Top 5 Lessons Learned from Boardwalk Empire

I just got through Boardwalk Empire. It was all the things that the critics and fans say about it: entertaining, gratuitous, spectacular, and perhaps a little dark. However, I also found it instructive. I don’t mean literally of course (right guys?) but rather metaphorically when applied to my life as an entrepreneur, a thinker, and a friend to my friends. Perhaps you’ll agree with me, but if not, see #5 below.

Before you write off this whole exercise as ‘just a TV show’, keep in mind that there are some genuinely great teachers involved: Martin Scorcese, Terrence Winter, and much of the actual history that inspired the story.

Without further ado, the top 5 lessons learned from Boardwalk Empire:

5. Chumps come and go, but bosses are forever

One of the most basic surface-level observations is that there’s a big difference between the town plebes (who live in modest houses, wear modest clothes, and eat modest food) to the contenders that rub elbows with bosses and are trying to climb up in the world. Thats all good stuff: when in doubt, aspire to greatness. However, of those who are trying to play he big boys’ game, many are chumps. Total chumps. Chumps lose sight of the big picture, of the people that are important, and of the consequences to their actions. On the boardwalk, that will get you shot or screwed. Even while Hague is on the opposite side of the table to Nucky, he offers his perspective: “Guys like Edge come and go. Bosses like us are here to stay.” The real life takeaway: great people operate with great perspective.

4. Always take good advice (but only good advice)

Everytime someone recommends killing someone on the boardwalk, the recommendation is acted upon. (see: Nucky, Horowitz, Jimmy, The Commodore, Chaulky, etc). It doesn’t always work due to #1, below — but that’s a different story. The takeaway is to surround yourself with people you can trust see # 2, below, and if you do that right, you should also respect the perspective provided by your advisers. The converse is also true, as finally proven by Jimmy. The takeaway: creating a poorly selected roundtable can create advisors who are not really looking out for you, resulting in downfall.

3. Always offer more than you take (but remember to take)

As we observe Nucky in action. We see again and again that even though he’s a gangster, classically corrupt politician, and racketeer — he never turns down a favor, and gives away money like candy. But he’ll take too, when the opportunity strikes. The $1MM price tag of bailing out AR may have flown by the modern viewer — but before the gold standard fell off and with sharply lower general costs of living, that’s more than $25MM in purchasing power today. Well played, Nucky. Interesting that he is later lectured by AR to be patient and opportunistic. The takeaway: be as generous as you can, and wait for the opportune moment to take what’s yours.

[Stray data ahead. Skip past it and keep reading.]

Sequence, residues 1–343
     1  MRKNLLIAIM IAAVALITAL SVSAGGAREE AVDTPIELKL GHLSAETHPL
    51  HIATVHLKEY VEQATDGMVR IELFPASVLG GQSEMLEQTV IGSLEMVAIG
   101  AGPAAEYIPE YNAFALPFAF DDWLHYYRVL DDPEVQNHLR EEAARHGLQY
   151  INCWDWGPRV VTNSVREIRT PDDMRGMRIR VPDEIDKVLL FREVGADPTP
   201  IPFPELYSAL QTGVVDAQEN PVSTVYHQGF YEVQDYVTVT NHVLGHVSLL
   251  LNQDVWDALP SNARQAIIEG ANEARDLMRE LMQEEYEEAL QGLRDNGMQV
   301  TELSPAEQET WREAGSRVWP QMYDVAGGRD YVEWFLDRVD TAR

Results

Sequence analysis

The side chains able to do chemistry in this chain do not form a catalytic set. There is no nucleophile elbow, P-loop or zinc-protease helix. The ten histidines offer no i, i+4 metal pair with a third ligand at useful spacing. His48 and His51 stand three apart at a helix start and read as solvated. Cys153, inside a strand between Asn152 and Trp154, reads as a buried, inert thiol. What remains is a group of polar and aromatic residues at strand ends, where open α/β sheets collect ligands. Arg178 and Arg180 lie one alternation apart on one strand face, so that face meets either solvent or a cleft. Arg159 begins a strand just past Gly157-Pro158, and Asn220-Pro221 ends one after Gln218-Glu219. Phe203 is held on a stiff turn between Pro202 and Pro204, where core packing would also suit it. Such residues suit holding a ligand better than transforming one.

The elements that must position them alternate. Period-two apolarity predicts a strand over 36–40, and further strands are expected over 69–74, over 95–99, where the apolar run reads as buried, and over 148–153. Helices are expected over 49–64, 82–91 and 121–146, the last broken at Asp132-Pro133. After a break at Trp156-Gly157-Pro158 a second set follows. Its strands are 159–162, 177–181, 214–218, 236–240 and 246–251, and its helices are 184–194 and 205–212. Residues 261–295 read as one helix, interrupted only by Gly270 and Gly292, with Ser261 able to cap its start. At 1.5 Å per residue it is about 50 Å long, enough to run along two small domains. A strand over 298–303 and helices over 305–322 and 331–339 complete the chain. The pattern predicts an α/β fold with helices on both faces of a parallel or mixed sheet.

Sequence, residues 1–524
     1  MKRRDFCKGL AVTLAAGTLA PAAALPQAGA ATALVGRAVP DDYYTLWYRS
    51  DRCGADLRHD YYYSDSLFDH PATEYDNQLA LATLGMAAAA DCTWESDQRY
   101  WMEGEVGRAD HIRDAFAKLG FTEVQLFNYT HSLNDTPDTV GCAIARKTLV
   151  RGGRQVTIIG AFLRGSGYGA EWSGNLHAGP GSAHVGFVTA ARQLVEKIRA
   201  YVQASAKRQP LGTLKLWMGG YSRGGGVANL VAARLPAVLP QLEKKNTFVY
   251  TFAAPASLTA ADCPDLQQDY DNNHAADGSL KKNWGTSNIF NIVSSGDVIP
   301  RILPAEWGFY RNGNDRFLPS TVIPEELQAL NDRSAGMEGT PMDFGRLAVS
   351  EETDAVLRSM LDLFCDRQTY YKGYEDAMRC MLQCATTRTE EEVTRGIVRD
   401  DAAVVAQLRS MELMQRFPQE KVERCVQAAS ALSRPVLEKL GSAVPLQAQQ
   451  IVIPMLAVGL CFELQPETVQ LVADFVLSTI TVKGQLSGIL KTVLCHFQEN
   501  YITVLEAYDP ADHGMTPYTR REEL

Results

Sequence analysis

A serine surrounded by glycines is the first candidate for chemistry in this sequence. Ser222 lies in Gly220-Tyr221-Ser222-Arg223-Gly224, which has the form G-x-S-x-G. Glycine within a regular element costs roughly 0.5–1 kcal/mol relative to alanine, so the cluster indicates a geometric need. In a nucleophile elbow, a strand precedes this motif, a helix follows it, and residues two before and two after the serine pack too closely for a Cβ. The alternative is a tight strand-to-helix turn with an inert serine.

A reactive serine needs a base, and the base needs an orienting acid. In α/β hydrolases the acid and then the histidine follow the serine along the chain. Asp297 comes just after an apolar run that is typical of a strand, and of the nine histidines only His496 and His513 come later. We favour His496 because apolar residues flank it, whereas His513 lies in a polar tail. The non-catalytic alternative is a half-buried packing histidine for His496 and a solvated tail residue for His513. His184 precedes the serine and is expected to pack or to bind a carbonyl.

2. Value trust above all else


One of the main differentiators between chumps and bosses is that bosses are true to their word (whether what they’ve promised is good or bad is a different question) while chumps are caught scheming and backstabbing blatantly. The people that bosses allow themselves to rely on – Chaulky White, Daugherty the AG, Capone, Luciano and even Jimmy (until he starts over reaching) have relationships built on trust and cemented through mutual favor debts. Or, if you’re AR, take our life insurance policies against your staff. Total boss. The takeaway: you’re only worth your word. Protect it’s value and expect the same of others.

1. You cannot take down a boss (but the boss can take down anyone)

Each time one of the major bosses faces a major adversity (Rothstein and his World Series indictment, Nucky and his mutiny, Horowitz vs Jimmy, Hague with Senator Edge, Torio vs the Greeks, Chaulky vs the Klan), they are given the chance to show why they are indeed a true boss. They show persistence, resourcefulness, creativity, and shrewd understanding of what the people around them want. In fact, in each of the major challenges above, the boss not only comes out on top, but creates one or more strong allies in the process. The takeaway: stay strong when things look their darkest. If you’re a true boss, you’ll come out stronger on the other side. 

And if not, at least you made room for the rest of us.

My thanks to my Clothes Horse cofounder Dave Whittemore who inspired a discussion that inspired this post.

  • Dave S

    Great blog and a cool take on the ‘teachers’ of Boardwalk! I couldn’t agree more!

  • Larry

    Interesting lessons. It is funny, Breaking Bad has the opposite take on #1. But then again, maybe the bosses weren’t really bosses…